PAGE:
It wasn't just that the Expo itself looked quite familiar to the Epcot theme park in Walt Disney World, it was also that the recordings that Howard Stark had made, the videos that Tony played for the audience and watched himself, were quite reminiscent of old videos of Walt Disney, the man, himself. Some viewers would even go on to point out that Howard even looked like Walt.
The first season of ABC's Agent Carter series followed the adventures of Peggy Carter after the events of Captain America: The First Avenger. In this first season, viewers were also introduced to a character who would become a fan-favorite all her own, Dottie Underwoord. Although charming and unassuming at first, Dottie was later revealed to be a Russian spy agent. And not just any agent – a Black Widow.
The fifth episode of the series, "The Iron Ceiling," showed us a little of Dottie's formative years, when she was a child training in the Red Room to become a lethal assassin. In one of those flashbacks, we are shown a scene where the Russian children watch Snow White and the Seven Dwarfs, as part of their training to learn English and develop a flawless American accent.
As if Peter Parker hadn't proven himself a Star Wars fan enough already in Civil War, he would remind us once again in his very own solo movie, Spider-Man: Homecoming. In fact, with the help of his friend Ned, the two besties are building a Lego Death Star set. Ned even goes so far as using the Emperor figure to convince Peter to help him finish the construction of the Lego set.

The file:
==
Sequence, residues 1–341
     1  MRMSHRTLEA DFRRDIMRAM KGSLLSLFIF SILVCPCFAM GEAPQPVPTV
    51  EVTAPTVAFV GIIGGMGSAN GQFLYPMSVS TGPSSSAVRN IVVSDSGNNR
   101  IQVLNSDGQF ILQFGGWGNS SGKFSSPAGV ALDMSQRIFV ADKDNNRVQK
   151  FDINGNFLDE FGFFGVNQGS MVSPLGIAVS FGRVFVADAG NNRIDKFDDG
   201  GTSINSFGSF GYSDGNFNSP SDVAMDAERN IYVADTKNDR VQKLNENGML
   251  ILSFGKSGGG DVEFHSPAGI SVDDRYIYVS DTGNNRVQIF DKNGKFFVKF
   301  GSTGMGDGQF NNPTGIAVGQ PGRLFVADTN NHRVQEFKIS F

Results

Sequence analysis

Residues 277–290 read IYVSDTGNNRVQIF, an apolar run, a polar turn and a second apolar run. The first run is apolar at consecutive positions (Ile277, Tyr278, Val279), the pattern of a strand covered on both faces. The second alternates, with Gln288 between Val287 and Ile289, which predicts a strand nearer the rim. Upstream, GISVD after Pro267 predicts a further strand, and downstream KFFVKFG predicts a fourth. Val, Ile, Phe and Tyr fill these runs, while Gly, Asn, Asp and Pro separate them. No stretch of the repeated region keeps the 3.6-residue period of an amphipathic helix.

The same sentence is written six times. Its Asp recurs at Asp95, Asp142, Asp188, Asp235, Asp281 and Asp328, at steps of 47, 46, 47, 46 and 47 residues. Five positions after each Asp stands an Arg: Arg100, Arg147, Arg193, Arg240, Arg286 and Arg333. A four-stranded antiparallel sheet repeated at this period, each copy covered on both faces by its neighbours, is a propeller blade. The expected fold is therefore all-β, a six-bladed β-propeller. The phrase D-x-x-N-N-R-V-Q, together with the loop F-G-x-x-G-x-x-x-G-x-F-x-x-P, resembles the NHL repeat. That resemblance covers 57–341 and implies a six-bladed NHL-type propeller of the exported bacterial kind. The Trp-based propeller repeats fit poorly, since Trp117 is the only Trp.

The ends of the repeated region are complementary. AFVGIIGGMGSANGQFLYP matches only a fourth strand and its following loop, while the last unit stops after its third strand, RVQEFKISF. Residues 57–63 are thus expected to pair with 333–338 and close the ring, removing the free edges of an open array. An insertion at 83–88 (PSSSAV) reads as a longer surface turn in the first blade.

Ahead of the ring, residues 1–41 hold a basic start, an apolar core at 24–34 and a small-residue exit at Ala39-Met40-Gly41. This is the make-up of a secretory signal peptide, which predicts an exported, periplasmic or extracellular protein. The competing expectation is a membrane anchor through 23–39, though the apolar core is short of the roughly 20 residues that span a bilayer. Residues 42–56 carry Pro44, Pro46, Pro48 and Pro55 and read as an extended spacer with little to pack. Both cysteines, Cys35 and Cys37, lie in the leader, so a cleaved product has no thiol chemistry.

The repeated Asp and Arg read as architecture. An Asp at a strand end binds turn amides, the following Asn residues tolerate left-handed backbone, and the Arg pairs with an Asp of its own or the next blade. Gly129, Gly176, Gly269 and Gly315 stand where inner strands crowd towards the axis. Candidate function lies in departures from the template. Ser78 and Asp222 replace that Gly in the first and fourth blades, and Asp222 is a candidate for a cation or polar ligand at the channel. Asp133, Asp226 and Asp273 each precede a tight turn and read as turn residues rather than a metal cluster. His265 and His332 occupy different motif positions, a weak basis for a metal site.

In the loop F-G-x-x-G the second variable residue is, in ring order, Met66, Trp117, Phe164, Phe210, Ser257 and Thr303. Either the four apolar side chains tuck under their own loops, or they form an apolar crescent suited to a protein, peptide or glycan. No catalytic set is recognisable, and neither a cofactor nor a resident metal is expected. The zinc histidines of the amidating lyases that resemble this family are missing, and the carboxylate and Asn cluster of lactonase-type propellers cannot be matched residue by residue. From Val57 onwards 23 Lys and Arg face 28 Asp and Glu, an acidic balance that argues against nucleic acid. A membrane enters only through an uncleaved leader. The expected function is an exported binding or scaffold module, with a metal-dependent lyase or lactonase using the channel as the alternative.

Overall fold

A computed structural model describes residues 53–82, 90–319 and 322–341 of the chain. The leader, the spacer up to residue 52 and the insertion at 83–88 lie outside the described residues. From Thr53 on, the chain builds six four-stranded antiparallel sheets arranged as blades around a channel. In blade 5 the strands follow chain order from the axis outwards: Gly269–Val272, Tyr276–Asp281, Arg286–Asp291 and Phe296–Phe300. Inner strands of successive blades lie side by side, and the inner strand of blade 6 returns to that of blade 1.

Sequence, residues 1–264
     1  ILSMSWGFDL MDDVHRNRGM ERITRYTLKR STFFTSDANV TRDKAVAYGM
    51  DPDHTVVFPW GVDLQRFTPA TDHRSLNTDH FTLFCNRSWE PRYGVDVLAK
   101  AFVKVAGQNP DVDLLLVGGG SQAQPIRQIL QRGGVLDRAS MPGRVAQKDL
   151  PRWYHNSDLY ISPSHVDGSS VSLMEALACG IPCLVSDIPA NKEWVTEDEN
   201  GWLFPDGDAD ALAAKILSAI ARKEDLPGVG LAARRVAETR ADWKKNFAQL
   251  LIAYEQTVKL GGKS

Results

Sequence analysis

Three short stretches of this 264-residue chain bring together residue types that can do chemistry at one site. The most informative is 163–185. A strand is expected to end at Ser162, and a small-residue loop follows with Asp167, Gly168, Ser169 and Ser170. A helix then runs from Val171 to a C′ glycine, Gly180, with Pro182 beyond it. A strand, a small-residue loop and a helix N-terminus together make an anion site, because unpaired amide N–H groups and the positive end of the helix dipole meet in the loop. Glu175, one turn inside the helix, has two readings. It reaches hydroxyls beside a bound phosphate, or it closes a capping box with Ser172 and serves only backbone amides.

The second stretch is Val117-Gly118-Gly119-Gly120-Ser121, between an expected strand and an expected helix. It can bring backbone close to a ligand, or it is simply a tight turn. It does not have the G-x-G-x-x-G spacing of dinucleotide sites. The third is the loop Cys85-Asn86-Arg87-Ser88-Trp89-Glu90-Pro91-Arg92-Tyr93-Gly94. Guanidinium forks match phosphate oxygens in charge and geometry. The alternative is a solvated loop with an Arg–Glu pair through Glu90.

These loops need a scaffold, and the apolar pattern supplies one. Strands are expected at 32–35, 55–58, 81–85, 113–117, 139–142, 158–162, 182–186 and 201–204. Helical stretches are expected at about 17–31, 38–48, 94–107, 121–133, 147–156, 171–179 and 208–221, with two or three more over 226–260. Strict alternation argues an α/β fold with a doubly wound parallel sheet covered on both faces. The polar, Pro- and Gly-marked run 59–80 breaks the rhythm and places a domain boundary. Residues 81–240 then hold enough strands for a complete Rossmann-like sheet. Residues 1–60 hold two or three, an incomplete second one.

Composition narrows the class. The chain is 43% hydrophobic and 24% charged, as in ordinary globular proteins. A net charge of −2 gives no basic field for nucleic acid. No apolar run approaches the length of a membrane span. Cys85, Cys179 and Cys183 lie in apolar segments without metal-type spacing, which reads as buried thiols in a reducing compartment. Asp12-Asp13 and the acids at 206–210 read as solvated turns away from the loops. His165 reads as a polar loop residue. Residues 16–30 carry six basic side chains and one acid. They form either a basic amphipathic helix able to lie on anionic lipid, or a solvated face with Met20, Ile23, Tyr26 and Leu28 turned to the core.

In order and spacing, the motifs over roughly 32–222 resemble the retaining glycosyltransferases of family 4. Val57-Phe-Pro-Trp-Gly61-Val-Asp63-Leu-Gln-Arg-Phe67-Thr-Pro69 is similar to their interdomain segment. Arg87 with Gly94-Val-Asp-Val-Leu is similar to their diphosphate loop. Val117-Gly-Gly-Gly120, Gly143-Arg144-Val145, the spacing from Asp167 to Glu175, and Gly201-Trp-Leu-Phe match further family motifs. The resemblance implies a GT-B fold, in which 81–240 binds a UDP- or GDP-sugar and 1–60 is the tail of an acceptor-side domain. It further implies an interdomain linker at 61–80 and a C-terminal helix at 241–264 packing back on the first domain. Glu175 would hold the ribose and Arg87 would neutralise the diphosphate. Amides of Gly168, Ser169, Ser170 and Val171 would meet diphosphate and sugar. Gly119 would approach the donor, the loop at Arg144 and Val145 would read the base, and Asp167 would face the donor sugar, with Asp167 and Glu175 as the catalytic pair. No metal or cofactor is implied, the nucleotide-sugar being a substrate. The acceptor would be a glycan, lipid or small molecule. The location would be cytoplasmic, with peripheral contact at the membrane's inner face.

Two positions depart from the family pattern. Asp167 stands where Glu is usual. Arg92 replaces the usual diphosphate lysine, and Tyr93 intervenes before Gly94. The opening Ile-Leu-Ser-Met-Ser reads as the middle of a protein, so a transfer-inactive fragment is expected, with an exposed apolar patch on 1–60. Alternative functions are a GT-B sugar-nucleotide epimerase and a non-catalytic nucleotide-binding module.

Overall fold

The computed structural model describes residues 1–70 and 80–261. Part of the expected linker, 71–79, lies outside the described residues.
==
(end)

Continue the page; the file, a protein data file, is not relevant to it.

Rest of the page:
Once completed, we finally got to see the Lego Death Star in all its glory, only to have it – and our hopes and dreams – smashed to pieces when, upon discovering that his best friend was in fact Spider-Man, Ned dropped the 4016 pieces set to the ground. It's actually something that, we came to learn, the actor had to do not once, but seven times.
ABC's Marvel series wouldn't stop its Disney references with Snow White and the Seven Dwarfs. In fact, in the third episode of Agents of S.H.I.E.L.D., “The Asset,” we were introduced to a very special driver who worked for the spy agency -- a trucker, who went by the name of Agent Mack. Tasked with driving Franklin Hall, the man who would later become Graviton, Mack's truck came under attack.
While this might not be the most obvious Easter egg, it still very much refers to another Disney property. As “Mack The Trucker,” the character is actually a reference to Disney and Pixar's amazing, anthropomorphic Cars movie, in which main character and famous car racer Lightning McQueen is chauffeured from race to race thanks to his trusty friend and transport truck driver, Mack.
One of the more famous lines to come out of The Avengers was Steve Rogers' “I understood that reference” when, for once, the time-displaced soldier was actually privy to the joke Nick Fury had made when Thor wasn't. The reference came in the form of flying monkeys, when Fury wondered how Loki was able to turn both Clint Barton and Erik Selvig into his very own lackeys.
If, unlike Steve Rogers, you are unfamiliar with the reference, it is actually a callback to The Wizard of Oz and the Wicked Witch's army of flying monkeys. Now sure, the 1939 film was released under the care of MGM studios, but in 1985 Disney would release Return To Oz and, in 2013, Oz The Great and Powerful, making the franchise a part of Disney.
After being woken up 70 years into the future, Steve Rogers had to adapt to a new world, and catch up with what he had missed. In order to do that, in The Winter Solider, we saw that he kept with him a very handy list of things he needed to watch, listen to or otherwise be aware of, a list he would keep up to date thanks to his friends and their suggestions.
Obviously, there was a very important movie trilogy on his list: Star Wars. It would make sense for anyone in the present to be told to watch Star Wars, a phenomenon of a saga that is loved the world over, even 40 years later. The fact that it's crossed off of Steve's list could be a small nod to the fact that both Marvel, Star Wars and Disney are now all part of the same whole.
Did you spot any other Disney references in the MCU? Let us know in the comments!